This note is used to record the useful points in the book “How to Interview at Amazon for International Professionals: Learn the American Interview Style and the Amazon Leadership Principles“. I learned the book from this link, which is the tutorial to the behavioral questions in Amazon Interview.
The titiles with asterisk mean that there are good formula and examples there. And these chapter demand more attention.
Selling yourself is an important concept, and from this, we can go further than
selling yourself: we can always answer more than expected to interview’s questions.
Job interviews in the United States require selling yourself. “Selling yourself” is the process of talking openly, clearly, and straightforwardly about your strengths and explicitly stating how they can help the company.
For example, saying “I studied CS at Stanford” is telling us one of your strengths – you know this subject, computer science – but the statement alone doesn’t explain how your skills will help the company. You can say “I studied CS at Stanford, and I’m an excellent Python programmer.” That’s better than just saying you know CS, because CS is a pretty broad subject. Python is a specific skill (and you would only say this if you know the job you’re applying for calls for Python).
You can say, “Currently I work at X, which is an e-commerce platform for sports equipment. We have $400m in revenue.”
Use “I” not “we”
In your answers you should focus on what you’ve done as an individual, not as part of a group or team.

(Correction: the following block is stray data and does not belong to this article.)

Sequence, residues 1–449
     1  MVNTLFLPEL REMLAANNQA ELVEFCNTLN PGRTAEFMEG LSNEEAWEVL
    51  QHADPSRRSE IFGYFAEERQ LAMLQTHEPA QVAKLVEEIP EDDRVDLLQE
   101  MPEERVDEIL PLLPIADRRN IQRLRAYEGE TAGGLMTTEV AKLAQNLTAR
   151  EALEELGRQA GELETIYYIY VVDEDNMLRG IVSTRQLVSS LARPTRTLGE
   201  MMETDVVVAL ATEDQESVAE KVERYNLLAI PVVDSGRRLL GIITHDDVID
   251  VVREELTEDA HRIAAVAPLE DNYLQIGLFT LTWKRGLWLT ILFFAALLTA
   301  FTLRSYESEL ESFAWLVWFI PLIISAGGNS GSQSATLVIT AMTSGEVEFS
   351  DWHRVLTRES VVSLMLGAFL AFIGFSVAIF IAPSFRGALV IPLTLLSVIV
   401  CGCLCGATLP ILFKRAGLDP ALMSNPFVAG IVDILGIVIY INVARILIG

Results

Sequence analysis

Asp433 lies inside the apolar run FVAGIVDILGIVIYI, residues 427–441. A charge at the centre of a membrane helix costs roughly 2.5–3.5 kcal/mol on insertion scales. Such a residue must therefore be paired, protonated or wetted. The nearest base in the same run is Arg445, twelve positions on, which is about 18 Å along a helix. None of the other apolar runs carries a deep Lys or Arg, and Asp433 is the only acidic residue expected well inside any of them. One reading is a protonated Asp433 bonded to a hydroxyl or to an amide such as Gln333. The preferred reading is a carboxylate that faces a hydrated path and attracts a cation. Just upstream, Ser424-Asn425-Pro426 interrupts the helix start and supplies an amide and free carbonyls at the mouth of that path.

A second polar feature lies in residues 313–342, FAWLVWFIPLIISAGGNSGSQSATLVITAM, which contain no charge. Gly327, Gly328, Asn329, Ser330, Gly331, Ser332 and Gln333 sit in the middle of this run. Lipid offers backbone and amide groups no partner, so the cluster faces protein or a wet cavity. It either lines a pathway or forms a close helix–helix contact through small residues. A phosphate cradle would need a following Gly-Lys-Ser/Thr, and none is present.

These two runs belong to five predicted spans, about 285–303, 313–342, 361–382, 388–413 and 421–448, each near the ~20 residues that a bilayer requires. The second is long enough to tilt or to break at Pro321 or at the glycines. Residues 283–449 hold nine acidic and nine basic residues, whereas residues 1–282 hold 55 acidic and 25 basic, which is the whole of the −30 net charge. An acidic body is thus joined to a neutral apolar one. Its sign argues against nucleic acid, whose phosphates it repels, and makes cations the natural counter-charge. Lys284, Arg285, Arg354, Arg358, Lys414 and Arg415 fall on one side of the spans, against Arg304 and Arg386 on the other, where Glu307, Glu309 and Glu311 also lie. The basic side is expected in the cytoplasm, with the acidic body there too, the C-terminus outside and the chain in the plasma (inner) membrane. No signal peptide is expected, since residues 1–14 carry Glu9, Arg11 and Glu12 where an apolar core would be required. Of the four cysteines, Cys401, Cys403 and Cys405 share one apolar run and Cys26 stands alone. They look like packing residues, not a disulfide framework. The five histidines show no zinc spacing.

You should talk about how you influenced change, solved problems, or started new initiatives - whatever you’ve done as part of your past jobs.
Quantify your answers
Attach numbers to your experience to be more persuasive in selling yourself. Providing this data to the interviewer is good because it shoows that you attach business outcomes to your efforts.
Keep your answers short
Americans value efficiency and time management. Avoid any behavior that may make the interviewers think they are wasting their time.
Give quick answers – one minute or less. Up to two minutes for a complicated question.
Give the most important information at the very beginning of your answer.
Give simple answers, not heavy on detail or background.
Last month we sent you a form asking if you were interested in our services, but we haven’t heard back from you. => We would like to follow up with you regarding our correspondence dated June 25th. We would truly appreciate receiving your reply regarding your interests in our services.
here are the topics that we can ask questions about during small talk
- How long have you worked at ___ ?
- What do you think of the company?
- Have you had a busy week?
Books or articles
Focus on new ones in your industry or ones that are popular now with professionals
- Did you read the article about ___ this morning?
- I raed the new biography of Steve Jobs. Have you read it?
Anything happending in the news can be a good topic but avoid politics.
- Have you been watching the Olympics?
- Did you see the news about the flood in Texas?
- Have you ever been to ___ ?
- Are you planning to travel this Christmas/summer?
New gadgets, like phones, computers, apps, applications, etc. There may be something new that everyone in your industry is using.
Is the company using kubernetes?